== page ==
While following Mrs. Wolfson to work, Mr. Gerken believed that Mrs. Wolfson's life might be in danger. His concern was so great that he removed his "semi-automatic" weapon from underneath the seat of his car and placed it in his lap, something he had not done in the three years since leaving the Pennsylvania State Police. He felt that the threat was immediate. He testified that the situation,

 

could have developed in a matter of seconds. If we had passed an intersection and been intercepted by one or more other vehicles which were also involved with this vehicle behind me, obviously in a matter of seconds a life could have been taken.

 Realizing she was being followed, Mrs. Wolfson was visibly shaken, and Mr. Gerken was afraid she was going to run off the road. She testified:

 

I got in my car and as soon as I pulled out of my driveway, I realized that this purple jeep, or jeep was following me. And I have a relatively short ride to work so at this point, I mean, I was panicked. I really felt that the family must have been being set up for kidnapping or murder or something because now there is two attempts to follow. It wasn't just coincidental, now it was definite.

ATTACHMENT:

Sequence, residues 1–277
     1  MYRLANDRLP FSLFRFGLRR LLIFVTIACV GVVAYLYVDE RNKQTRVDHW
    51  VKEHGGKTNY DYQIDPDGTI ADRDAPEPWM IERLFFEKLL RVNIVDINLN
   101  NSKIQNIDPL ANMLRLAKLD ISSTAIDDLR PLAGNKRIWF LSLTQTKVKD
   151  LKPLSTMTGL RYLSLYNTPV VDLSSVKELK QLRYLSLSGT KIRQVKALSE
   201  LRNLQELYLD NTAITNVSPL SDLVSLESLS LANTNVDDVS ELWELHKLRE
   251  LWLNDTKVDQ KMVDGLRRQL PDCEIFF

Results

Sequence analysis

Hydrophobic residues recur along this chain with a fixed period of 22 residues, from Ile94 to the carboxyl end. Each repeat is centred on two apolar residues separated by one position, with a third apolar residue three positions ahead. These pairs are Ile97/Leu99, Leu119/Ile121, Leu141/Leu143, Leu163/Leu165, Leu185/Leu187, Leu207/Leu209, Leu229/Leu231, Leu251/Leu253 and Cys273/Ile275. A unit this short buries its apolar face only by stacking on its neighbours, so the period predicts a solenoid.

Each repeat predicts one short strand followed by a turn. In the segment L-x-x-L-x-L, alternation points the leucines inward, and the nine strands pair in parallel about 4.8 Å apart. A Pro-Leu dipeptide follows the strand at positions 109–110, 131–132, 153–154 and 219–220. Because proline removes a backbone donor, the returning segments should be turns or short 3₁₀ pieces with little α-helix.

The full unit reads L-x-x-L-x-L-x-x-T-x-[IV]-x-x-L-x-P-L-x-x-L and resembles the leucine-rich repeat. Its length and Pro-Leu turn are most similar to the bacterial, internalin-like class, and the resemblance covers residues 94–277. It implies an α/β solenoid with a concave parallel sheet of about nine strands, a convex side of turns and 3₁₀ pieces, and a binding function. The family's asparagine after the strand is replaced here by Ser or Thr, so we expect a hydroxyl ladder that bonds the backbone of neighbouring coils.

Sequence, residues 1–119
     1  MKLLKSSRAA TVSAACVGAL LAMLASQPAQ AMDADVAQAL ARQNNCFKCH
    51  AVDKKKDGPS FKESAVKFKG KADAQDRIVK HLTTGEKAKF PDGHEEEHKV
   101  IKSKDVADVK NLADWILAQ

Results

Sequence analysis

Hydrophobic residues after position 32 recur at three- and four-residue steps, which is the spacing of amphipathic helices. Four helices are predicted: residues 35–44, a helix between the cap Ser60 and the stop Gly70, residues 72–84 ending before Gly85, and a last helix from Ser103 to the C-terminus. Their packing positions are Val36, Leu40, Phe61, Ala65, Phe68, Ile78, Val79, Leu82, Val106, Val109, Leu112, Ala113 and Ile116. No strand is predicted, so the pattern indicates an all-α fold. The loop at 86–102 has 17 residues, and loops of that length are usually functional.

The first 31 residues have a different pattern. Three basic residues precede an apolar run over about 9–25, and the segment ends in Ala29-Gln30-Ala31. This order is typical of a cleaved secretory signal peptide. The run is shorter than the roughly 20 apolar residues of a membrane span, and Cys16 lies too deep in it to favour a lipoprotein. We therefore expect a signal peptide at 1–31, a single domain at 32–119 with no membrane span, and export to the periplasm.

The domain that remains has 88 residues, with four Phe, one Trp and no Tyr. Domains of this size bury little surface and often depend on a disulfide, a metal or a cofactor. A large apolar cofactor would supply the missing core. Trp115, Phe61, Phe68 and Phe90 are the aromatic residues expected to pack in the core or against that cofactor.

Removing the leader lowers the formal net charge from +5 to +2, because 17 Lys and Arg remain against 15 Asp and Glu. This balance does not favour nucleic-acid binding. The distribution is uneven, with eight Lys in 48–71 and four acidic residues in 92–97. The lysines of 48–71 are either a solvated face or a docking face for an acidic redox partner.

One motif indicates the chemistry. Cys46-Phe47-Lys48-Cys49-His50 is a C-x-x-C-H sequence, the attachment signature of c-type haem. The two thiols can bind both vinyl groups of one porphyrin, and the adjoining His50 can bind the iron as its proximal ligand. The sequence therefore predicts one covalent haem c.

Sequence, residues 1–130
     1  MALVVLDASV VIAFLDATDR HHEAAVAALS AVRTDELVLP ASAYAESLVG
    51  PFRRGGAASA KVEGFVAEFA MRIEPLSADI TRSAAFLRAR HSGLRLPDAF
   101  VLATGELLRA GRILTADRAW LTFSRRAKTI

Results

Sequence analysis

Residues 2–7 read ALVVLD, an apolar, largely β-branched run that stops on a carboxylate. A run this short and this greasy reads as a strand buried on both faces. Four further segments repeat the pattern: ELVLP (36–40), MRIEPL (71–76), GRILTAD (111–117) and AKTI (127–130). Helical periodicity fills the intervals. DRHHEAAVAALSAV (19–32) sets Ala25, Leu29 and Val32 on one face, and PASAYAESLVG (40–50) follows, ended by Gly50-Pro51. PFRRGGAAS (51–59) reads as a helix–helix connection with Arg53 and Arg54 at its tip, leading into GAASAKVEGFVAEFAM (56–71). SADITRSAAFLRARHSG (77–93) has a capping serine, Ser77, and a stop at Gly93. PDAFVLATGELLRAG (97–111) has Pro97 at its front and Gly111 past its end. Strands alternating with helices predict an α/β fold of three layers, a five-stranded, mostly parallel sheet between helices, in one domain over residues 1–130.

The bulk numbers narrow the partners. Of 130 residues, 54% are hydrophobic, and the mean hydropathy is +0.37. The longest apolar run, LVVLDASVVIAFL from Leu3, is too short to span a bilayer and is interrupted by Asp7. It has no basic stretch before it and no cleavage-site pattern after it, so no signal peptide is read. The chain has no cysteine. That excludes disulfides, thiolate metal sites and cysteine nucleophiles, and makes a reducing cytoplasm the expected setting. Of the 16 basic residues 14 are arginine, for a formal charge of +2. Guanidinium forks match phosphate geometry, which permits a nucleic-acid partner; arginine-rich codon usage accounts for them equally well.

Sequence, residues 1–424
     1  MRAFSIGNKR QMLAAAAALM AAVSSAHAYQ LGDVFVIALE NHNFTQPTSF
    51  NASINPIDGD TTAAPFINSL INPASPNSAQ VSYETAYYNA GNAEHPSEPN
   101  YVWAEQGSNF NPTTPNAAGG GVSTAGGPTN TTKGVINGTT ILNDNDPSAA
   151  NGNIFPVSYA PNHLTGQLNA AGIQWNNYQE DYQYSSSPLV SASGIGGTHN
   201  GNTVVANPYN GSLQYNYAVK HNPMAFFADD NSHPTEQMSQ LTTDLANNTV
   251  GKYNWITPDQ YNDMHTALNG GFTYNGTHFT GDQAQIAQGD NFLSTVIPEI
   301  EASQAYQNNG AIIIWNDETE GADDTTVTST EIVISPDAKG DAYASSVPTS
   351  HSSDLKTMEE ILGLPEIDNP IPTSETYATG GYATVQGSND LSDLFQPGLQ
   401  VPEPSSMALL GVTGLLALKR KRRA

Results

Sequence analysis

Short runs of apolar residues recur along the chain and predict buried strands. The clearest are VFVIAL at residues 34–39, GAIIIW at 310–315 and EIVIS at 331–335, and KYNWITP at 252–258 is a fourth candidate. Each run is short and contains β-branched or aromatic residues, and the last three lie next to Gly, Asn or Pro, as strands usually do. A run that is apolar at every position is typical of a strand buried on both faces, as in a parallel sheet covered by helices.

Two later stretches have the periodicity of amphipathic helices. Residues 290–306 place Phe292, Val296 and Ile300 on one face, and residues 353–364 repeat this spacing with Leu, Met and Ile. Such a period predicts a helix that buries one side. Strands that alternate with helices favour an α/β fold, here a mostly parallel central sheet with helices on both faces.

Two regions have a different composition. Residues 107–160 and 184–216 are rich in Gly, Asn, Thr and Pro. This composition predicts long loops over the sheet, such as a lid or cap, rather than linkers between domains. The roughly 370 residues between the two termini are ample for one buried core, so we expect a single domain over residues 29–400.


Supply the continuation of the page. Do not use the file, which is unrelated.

As she drove to work, she used her cellular phone to contact William Gavin, the head of security at U.S. Healthcare. She instructed him to send someone to check on her one year old son at home and informed him that she would direct Mr. Gerken to return to her daughter's school to make sure she was safe. While this was going on, Mr. Lewis remained in constant communication with Mr. Wilson and alerted him that Mrs. Wolfson would soon be arriving at U.S. Healthcare.